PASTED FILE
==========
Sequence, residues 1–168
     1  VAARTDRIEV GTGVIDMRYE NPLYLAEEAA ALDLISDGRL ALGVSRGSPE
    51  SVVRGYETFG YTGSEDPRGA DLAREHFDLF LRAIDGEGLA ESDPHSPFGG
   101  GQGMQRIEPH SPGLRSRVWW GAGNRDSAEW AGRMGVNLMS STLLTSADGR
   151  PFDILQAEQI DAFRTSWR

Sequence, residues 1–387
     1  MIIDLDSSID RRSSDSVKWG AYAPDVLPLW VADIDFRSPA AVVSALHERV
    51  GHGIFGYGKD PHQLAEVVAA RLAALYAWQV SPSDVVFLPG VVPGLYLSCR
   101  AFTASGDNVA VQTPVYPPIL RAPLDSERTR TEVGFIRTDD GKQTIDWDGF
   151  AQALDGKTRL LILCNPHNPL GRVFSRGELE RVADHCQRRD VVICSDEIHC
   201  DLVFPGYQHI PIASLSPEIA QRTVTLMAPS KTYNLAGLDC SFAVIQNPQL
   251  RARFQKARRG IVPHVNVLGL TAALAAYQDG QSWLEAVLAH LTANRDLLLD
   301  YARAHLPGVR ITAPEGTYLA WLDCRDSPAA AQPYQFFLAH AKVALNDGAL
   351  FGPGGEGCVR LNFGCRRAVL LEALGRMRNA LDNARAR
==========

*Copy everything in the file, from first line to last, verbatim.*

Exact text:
Sequence, residues 1–168
     1  VAARTDRIEV GTGVIDMRYE NPLYLAEEAA ALDLISDGRL ALGVSRGSPE
    51  SVVRGYETFG YTGSEDPRGA DLAREHFDLF LRAIDGEGLA ESDPHSPFGG
   101  GQGMQRIEPH SPGLRSRVWW GAGNRDSAEW AGRMGVNLMS STLLTSADGR
   151  PFDILQAEQI DAFRTSWR

Sequence, residues 1–387
     1  MIIDLDSSID RRSSDSVKWG AYAPDVLPLW VADIDFRSPA AVVSALHERV
    51  GHGIFGYGKD PHQLAEVVAA RLAALYAWQV SPSDVVFLPG VVPGLYLSCR
   101  AFTASGDNVA VQTPVYPPIL RAPLDSERTR TEVGFIRTDD GKQTIDWDGF
   151  AQALDGKTRL LILCNPHNPL GRVFSRGELE RVADHCQRRD VVICSDEIHC
   201  DLVFPGYQHI PIASLSPEIA QRTVTLMAPS KTYNLAGLDC SFAVIQNPQL
   251  RARFQKARRG IVPHVNVLGL TAALAAYQDG QSWLEAVLAH LTANRDLLLD
   301  YARAHLPGVR ITAPEGTYLA WLDCRDSPAA AQPYQFFLAH AKVALNDGAL
   351  FGPGGEGCVR LNFGCRRAVL LEALGRMRNA LDNARAR